top of page
Search
  • bellefolleburlesque

i'm just here for the experience

Updated: Oct 25, 2021

When I start learning something new, I run hard and fast with it. Burlesque was no exception.

 
 

I was all in and that meant learning anything and everything from whoever was willing to teach me. So, because I’m a little crazy, but like in a fun way, I decided that I was going to apply to my first burlesque competition. Now, keep in mind, I was less than 6 months into performing when I applied and still a couple weeks shy of that when I took the stage for the 2019 Wisconsin Regional Burlypicks Competition. And you guys, I had no idea what I was getting myself into.


I didn’t even have competitions on my radar. But I was so in love with being on stage that when it was brought to my attention, I thought, “Sure, WHY NOT?” So I went home, looked it up and left it at that. After scanning through the website, I found myself inundated with more questions that needed answering before I signed up. The biggest question was : What do I even sign up for?


There was clearly an overall winner. But there were also subcategories or games as they called them. Categories like, Master of Amazement or Lip Sync. And with quite a few to choose from, for some reason, my brain couldn’t compute how these worked at all. I talked to other performers in the community to try and figure it out — still couldn’t. So at the last minute, I applied without picking any of them. On the day of the event, it finally became clear. If I had selected a category to compete in, I would have had a chance to win in that category and also place overall. But since I didn’t, it was Best Overall or Bust. I literally had to win the whole competition or nothing at all. No pressure. *insert sideways glance here*


The lesson: If you find yourself applying for a competition and there are different categories to compete in — pick one. Hell, pick more than one. Whichever ones fit your act the best. It doesn’t guarantee a win, but I think it takes some of the pressure off of winning it all. And if you’re just starting out, that’s an okay thing.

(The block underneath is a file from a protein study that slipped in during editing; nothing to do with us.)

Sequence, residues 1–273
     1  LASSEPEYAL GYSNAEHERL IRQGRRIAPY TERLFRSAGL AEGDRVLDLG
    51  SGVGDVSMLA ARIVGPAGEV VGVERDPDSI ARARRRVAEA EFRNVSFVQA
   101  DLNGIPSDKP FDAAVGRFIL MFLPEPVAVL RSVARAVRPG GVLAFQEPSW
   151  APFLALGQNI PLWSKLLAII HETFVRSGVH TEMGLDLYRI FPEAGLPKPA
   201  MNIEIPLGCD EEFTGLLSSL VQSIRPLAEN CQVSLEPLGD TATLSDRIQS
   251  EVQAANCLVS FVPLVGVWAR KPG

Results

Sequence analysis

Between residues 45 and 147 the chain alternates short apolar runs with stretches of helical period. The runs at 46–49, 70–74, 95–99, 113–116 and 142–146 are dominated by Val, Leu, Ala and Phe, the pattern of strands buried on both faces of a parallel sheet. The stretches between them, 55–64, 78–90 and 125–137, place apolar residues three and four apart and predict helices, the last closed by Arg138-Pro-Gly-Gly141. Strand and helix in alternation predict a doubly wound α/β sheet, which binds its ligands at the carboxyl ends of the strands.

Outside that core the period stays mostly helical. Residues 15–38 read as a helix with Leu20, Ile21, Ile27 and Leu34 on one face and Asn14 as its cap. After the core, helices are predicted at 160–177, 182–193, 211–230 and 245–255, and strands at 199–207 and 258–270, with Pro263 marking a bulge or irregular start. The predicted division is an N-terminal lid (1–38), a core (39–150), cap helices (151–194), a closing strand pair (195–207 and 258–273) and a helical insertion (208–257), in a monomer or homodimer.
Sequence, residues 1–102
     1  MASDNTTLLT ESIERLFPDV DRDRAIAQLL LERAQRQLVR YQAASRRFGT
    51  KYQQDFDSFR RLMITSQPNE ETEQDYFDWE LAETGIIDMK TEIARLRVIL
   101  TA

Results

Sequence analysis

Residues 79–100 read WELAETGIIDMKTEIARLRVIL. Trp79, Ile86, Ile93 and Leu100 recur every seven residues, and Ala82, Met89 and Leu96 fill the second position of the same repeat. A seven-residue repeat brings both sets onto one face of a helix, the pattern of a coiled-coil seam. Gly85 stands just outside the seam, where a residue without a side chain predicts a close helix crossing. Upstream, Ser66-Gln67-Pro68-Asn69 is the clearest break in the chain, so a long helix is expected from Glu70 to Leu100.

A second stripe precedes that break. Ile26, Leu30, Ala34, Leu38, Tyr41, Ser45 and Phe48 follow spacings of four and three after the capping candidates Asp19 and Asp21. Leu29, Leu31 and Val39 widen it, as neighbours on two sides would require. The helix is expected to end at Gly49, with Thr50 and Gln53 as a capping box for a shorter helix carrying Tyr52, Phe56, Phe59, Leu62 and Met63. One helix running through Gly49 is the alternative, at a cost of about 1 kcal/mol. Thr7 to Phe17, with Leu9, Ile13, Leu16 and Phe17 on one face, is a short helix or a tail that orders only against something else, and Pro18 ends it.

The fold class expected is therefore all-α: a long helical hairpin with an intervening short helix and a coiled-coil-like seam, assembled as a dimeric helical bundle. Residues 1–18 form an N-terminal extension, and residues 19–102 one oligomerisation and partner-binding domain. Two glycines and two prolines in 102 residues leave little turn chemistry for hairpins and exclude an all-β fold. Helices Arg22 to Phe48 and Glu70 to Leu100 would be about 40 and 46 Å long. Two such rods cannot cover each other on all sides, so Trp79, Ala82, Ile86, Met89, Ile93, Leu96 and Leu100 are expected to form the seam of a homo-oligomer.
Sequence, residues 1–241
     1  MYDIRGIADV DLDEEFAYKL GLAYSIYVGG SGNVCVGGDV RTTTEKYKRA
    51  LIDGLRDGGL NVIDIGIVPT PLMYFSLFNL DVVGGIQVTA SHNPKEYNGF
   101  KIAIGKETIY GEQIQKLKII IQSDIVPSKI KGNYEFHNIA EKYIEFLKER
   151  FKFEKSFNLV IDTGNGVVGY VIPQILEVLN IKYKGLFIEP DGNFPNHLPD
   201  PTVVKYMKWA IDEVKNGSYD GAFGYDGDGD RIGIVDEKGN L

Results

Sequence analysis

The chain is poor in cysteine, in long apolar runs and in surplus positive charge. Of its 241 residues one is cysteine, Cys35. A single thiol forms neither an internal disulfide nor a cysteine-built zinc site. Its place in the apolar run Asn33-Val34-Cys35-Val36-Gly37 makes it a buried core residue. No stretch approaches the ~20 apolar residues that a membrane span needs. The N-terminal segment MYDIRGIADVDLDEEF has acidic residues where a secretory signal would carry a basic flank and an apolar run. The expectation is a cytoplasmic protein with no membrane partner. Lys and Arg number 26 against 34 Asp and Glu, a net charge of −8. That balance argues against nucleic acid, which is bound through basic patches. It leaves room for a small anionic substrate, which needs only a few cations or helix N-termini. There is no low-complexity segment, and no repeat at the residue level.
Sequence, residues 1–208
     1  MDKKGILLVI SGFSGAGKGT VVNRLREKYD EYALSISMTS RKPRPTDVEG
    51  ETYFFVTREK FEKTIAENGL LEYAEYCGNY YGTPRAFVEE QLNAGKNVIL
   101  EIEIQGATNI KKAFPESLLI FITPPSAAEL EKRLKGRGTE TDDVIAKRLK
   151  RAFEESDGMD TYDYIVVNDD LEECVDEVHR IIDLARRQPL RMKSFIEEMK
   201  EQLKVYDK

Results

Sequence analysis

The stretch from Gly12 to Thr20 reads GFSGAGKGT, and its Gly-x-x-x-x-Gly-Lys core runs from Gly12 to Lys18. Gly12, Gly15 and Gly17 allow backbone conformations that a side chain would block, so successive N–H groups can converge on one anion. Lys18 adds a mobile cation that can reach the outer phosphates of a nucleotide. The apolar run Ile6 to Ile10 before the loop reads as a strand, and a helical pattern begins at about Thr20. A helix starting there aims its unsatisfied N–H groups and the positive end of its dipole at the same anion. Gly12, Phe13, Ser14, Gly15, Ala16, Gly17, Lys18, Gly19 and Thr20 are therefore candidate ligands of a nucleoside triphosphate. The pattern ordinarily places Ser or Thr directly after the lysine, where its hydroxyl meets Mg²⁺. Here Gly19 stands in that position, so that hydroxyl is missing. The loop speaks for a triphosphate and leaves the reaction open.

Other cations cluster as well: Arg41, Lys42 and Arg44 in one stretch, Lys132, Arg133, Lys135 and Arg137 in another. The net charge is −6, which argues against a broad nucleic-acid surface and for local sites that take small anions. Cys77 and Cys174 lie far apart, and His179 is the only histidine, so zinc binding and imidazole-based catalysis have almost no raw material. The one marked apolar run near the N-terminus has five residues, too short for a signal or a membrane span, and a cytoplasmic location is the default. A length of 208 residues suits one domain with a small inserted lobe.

Because let’s be honest, if you’re signing up for a competition, there’s always a part of you that wants to win. It’s where the drive to do a good job comes from. And saying that does not mean that you’re not there for the experience too. Because submerging yourself in the experience is how you are going to the bulk of your learning.


So, on the day of the big event, I show up to tech pretty early. Tech is basically your 5-10 minutes of rehearsal time on stage before the show. And since this was a number I’d done a few times already, I just threw on the shoes I was going to perform in and then I ran my number. One time. That was it. Wearing an oversized Stitch onesie and a pair of knee high combat boots, I ran it once. There are times when I use all the time I’m given up there. And others where I use a fraction of it. It all depends on how I’m feeling that day. And on this particular day, the first run felt good enough. I was sick, I had snot running down my face and all I wanted to do was get back to the hotel so I could relax and listen to my music. Now, after I got back to my room, I panicked. You know, because I should have actually tested my costume. Especially the zipper peel as they have an annoying habit of getting stuck. I could have marked it out on stage a couple of times. The list goes on. Needless to say, I did not relax. I ran my number over and over again in that tiny ass hotel room until it was time to leave.